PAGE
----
Government and local authorities are urged to do more to encourage the various ways in which individuals and communities can produce their own low-carbon energy. The call comes in a report published today by the Trade and Industry Committee 'Local energy-turning consumers into producers'.

The Committee concludes that local energy is capable of making a major contribution in the long-term to the nation's energy requirements both through electricity and heat. But it is not a panacea for plugging the energy gap faced by the UK in the short to medium-term.

Conventional generating capacity, whether recently closed, or due to close in the next few years, will need to be replaced urgently and the grid upgraded if we are to "keep the lights on". If the UK is to derive full benefit from the potential of local energy, then central Government and local authorities need to do more to reduce obstacles to its adoption by community groups, businesses and individuals. For example, if home-owners' invest in solar panels or wind turbines, or energy efficiency measures, this is likely to increase the value of their properties and result in higher council tax bills.

The Committee concludes that given the potential climate change and security of supply benefits of such investments, homeowners should not be penalised in this way. The Committee is also critical of the obsession with low-carbon electricity at the expense of low-carbon heat. Low-carbon heat is potentially three times more cost-effective as a means of reducing carbon dioxide emissions. At the moment only households that fit electricity-generating systems, such as wind turbines, are eligible to receive a reward for their carbon dioxide savings under the Renewables Obligation-low-carbon heat is not eligible in the same way.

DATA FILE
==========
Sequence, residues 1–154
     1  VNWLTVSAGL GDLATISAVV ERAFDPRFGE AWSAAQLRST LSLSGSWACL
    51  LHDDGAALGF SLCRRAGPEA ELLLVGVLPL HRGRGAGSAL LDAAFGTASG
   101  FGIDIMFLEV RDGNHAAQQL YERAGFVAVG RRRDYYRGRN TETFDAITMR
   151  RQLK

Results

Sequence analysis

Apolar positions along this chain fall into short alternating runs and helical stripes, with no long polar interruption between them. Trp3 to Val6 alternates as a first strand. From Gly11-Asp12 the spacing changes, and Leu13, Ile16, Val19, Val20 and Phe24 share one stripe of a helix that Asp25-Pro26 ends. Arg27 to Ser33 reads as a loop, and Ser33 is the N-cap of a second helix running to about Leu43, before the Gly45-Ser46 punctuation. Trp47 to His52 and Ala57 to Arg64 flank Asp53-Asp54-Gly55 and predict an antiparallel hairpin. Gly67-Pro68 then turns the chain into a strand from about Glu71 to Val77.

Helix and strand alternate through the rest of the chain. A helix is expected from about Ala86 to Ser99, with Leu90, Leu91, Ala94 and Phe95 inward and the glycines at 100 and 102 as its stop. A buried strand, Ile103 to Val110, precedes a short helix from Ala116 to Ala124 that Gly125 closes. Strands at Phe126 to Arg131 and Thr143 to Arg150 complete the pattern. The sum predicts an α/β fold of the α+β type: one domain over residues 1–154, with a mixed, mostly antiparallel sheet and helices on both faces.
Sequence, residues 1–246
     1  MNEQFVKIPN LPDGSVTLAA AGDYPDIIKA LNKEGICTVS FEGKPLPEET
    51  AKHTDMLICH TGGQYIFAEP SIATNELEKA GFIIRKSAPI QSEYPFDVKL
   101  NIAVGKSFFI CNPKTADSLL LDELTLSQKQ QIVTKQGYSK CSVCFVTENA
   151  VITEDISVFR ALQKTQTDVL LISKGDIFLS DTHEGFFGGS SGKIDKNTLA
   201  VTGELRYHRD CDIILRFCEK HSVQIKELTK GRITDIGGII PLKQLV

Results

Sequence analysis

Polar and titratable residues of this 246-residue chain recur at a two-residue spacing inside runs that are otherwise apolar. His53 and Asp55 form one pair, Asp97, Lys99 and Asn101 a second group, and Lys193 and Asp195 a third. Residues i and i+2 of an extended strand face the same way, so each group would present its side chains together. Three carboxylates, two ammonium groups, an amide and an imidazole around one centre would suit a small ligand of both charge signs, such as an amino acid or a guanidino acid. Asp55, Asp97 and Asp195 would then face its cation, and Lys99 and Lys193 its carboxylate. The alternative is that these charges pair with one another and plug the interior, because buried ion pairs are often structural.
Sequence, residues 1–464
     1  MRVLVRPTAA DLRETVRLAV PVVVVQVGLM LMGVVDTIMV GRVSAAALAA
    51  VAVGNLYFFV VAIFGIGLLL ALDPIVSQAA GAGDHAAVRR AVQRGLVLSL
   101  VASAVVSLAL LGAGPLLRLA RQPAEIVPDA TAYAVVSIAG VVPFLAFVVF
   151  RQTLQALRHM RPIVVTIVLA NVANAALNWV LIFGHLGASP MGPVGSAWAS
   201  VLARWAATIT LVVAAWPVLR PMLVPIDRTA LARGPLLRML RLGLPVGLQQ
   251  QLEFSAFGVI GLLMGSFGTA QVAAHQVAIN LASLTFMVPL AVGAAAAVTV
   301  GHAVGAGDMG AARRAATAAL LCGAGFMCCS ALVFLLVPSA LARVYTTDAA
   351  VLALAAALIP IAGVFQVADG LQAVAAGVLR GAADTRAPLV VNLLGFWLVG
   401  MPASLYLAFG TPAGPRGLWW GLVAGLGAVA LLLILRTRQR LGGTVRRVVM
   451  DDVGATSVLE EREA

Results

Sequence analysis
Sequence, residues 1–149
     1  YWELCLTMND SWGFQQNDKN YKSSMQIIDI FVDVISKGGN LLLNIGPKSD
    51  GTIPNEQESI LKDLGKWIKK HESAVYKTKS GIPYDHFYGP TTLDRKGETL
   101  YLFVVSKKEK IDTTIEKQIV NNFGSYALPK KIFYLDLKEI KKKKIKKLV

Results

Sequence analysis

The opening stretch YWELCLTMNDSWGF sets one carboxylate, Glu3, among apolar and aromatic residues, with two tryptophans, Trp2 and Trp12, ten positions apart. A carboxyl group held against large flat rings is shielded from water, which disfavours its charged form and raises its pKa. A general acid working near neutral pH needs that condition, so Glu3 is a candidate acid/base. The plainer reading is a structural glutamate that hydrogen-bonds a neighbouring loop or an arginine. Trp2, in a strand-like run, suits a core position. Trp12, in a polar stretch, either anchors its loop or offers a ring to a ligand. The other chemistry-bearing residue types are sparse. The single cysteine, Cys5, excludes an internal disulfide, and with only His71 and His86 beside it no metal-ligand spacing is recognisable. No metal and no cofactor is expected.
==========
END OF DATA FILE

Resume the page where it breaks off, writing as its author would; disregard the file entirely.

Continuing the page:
The Committee urges the Government to correct this anomaly. Local energy can be produced in a variety of ways, using either renewable or fossil fuel sources. In many cases these are not new energy sources. What is new today is the technology available to harness these sources and the way in which their use in a modern context presents new benefits by reducing carbon dioxide emissions and contributing to the UK's energy security.

The Committee is also concerned that less than a fifth of local authorities have in place targets for renewable energy. While pioneering councils such as Woking and Merton are leading the way, many are still lagging behind. The Government should ensure all local authorities adopt such targets and follow the examples already set. The Committee also calls on the UK's larger cities to learn from current experience in London in establishing their own strategies for tackling carbon dioxide emissions.

"Local energy is a developing concept with real potential. However, it must be remembered that it is not a panacea that will `keep the lights on' in the short-term. It is a long-term project, which the Government and local authorities must do more to support." said Trade and Industry committee Chairman Peter Luff.